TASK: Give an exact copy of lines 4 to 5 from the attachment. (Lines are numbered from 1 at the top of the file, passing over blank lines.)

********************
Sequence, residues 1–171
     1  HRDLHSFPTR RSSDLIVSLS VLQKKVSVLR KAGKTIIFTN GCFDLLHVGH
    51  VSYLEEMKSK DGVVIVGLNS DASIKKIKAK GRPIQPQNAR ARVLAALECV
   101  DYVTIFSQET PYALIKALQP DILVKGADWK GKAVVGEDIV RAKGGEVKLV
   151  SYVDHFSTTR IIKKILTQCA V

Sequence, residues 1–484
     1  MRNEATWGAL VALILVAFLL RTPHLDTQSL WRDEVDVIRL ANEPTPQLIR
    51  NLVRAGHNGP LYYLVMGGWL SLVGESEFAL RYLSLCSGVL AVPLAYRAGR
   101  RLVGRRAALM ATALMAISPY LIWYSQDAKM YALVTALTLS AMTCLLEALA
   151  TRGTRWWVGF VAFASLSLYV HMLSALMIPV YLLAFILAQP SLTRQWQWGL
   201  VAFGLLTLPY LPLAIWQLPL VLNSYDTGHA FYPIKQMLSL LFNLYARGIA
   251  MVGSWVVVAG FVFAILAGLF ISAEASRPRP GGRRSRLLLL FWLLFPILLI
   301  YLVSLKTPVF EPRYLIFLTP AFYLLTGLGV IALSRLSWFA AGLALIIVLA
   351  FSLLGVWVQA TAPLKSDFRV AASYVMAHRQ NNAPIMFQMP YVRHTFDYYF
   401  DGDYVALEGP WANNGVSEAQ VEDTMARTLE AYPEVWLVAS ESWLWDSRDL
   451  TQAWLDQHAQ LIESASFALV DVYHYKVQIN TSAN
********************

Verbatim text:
   101  DYVTIFSQET PYALIKALQP DILVKGADWK GKAVVGEDIV RAKGGEVKLV
   151  SYVDHFSTTR IIKKILTQCA V